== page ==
Is it a Browser? Is it an Operating System?

Lately, there's been alot of commotion over Google's latest blitz in the Browser Wars. In the past week, I've seen a million and one opinions ranging from 'oh, another browser, *yawn*', all the way to 'OMGZ, it's the Google OS arisen!'. It's all rather silly.

Let's look at what Google has done. Probably the most original thing in Chrome is that there are tabs where the title bar used to be. The person who can script them out and make them accessible through libwnck or some similar desktop environment based API will certainly get alot of kudos from me. Really, the concept does not belong to Google, but I believe the credit should go to Opera for first integrating the browser widgets with the tab. Another revolutionary concept is binding processes to either tabs or sites, or other process splitting criteria. Again, the credit goes elsewhere, to Microsoft, but thoroughness that Chrome uses is pretty remarkable. In fact many of the 'unique features' in Chrome have already been implemented elsewhere, in some fashion.

Well, what is it that catches the eye? Is it the super optimized Javascript runtime, that supposedly is only really an evolutionary step? Is it that they used Webkit, the poster child for non Linux Open Source cool stuff? I think I found what makes it so special. Google was smart and realized that profiling websites to improve performance is a badly needed developer feature. So they stuck the label 'process manager' on it, and snuck it in like some trojan horse, underneath all that glittery and shininess. Most of the 'Google OS' arguements i've heard are fixated on this one feature as either the mark of the beast of the signs of messianic times.

It's not really just the process manager that spells something different for Chrome. When you go through the list, there are *alot* of features. Each one is done 'differently'. Most importantly though, is how well they come together to form a single paradigm. The paradigm is simple. The user loads a website up, which runs in a bottle. That bottle can be moved around on the desktop in some basic ways, from window to window, or in a standalone window, manageable by the Desktop Environmen's own window manager. I'm presuming that in the future, Google intends to expose a few javascript APIs that will let the website customize the look of its bottle and provide clues to the Desktop Environment. Namely, the website can not use a toolbar, or use a custom toolbar. Perhaps the website can even come with a code layer that is like Mozilla's own chrome, used to do many tricks in Firefox. Or maybe, the website will expose information about what kind of window is being displayed, whether it's a long term window or a transient dialog box. It might even expose context information to Nepomuk about its purpose and its semantic connection to the rest of the world, along with some state token to reload it back to its previous state.

Actually, these are things that Adobe Air and Mozilla Prism aim to do as well. I saw an excellent talk at FOSDEM last February on Mozilla Prism, and it was clear to me that this is the direction the modern browser is going to take. Since Google's Chrome still just works on Plain Ol' HTML and Javascript, i'm hoping that Google is willing to collaborate with Mozilla and Adobe in using the same APIs for each of their respective products.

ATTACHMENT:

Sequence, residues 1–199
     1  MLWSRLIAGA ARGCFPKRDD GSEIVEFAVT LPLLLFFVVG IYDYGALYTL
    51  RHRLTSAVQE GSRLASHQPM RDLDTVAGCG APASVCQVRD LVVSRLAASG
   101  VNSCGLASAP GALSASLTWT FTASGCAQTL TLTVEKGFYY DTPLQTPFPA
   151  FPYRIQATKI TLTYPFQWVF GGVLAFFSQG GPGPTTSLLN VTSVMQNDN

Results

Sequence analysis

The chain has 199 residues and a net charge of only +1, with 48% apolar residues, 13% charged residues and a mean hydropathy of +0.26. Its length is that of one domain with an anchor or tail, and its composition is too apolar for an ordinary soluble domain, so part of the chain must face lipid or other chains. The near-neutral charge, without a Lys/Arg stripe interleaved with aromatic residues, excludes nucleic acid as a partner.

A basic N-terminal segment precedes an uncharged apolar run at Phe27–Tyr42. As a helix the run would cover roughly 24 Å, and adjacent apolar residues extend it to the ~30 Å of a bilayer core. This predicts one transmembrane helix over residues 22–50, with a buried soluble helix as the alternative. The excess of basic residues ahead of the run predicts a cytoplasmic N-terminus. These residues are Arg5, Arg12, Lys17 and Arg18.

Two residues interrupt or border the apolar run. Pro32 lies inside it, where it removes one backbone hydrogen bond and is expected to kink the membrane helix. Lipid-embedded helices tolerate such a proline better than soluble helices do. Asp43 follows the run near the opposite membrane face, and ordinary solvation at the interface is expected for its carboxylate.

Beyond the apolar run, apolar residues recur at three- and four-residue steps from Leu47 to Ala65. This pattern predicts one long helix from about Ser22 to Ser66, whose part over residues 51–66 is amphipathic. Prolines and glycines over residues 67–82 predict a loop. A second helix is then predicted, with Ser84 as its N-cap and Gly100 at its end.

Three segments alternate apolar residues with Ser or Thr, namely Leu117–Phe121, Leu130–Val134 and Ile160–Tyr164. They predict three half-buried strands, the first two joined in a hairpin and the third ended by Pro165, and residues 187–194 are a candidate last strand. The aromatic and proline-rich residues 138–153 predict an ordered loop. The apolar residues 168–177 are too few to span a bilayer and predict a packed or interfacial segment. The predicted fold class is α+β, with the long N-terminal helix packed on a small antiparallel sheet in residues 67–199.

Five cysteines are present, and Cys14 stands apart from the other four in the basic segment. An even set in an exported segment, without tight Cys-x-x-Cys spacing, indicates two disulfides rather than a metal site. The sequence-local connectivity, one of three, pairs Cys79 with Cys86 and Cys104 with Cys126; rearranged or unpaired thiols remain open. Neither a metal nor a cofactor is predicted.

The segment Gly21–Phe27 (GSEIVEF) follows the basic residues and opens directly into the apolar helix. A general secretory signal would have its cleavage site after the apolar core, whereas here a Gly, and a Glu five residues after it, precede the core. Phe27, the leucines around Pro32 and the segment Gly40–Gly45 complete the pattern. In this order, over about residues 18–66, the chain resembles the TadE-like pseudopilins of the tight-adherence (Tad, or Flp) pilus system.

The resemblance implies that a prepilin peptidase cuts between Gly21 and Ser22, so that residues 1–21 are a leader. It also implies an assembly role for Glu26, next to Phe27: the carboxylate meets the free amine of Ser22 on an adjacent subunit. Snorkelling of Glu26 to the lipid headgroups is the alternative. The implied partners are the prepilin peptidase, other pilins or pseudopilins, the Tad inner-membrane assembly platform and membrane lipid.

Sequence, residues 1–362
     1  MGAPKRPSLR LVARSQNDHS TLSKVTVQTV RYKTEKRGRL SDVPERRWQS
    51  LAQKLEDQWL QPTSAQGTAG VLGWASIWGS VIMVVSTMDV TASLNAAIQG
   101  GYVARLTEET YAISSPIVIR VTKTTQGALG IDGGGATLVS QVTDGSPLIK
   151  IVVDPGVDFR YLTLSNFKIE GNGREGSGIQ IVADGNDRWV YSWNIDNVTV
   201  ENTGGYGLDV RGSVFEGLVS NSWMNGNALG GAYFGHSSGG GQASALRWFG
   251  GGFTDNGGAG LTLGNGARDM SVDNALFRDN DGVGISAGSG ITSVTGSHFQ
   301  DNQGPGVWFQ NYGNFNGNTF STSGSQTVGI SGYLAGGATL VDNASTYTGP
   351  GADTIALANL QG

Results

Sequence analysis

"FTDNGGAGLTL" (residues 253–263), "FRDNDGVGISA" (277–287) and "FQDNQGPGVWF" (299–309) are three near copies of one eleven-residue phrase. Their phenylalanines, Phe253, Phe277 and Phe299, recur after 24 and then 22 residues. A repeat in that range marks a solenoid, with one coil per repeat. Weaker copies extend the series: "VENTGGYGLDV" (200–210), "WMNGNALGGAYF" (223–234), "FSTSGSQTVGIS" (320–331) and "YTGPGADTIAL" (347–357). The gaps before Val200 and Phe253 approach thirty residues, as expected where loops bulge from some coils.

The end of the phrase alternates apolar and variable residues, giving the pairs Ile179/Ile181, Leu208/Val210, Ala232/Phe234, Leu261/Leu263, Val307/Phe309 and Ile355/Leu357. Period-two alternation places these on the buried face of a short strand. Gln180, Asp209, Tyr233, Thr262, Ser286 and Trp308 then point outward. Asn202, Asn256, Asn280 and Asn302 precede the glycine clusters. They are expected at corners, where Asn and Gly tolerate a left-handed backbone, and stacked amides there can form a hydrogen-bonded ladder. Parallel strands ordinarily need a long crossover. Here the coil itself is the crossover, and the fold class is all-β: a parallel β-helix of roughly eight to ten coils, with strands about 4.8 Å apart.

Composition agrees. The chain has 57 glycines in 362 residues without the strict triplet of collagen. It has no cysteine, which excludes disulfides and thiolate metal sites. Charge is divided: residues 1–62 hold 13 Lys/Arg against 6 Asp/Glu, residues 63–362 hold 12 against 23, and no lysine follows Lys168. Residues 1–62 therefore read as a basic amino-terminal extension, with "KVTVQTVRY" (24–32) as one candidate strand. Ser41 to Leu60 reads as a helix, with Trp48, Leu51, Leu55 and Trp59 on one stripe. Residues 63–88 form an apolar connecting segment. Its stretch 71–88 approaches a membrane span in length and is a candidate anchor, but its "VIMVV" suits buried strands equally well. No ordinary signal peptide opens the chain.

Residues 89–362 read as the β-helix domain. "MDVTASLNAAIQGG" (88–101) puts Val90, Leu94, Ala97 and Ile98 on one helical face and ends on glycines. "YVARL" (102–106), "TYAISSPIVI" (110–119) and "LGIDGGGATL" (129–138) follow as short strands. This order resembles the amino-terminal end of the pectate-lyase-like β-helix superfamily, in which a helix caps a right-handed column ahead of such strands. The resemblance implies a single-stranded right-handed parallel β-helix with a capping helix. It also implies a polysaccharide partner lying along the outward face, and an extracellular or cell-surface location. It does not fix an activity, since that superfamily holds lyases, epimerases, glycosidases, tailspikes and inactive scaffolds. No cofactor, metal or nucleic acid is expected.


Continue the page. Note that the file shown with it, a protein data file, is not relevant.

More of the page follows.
Chrome isn't an OS though. If it was, where is the Desktop Environment? Where is the kernel to run it all? Where is the hardware support? Where are the millions of man hours that go into releasing a top notch operating system? Too busy writing browsers apparently. Chrome is no more an OS than .Net or Python are OSes either. Chrome is a virtual machine / application container. Way back when, in 1995, there was a question on how to run code both on a client machine and a more powerful server. Way back in 1985 the same question existed. There are rather large sections of Tannenbaum's Principles of a Modern Operating system that go into RPC functions and function stubs. For those of you with long memories, you should all remember how Java was supposed to revolutionize the web, by making it more 'desktop application-like'. As a developer of web applications, i always struggle with the concept of how my code runs like a weird application in the server space, but just a bunch of documents in the client space. I really would like to see more tools that unify the design a bit more, and many of those kinds of tools are coming of age.

Google has been at the forefront of these design paradigms, with Google Gears as their showpiece. Having little personal experience with Google Gears itself, i can't really comment on how it works with Chrome. Just realizing though, how cleverly Google has wrapped an essentially document oriented display framework with a sophisticated programming language on top into a virtual machine system that can interact with the user's desktop in one smooth paradigm, and I can't call it anything but a Virtual Machine.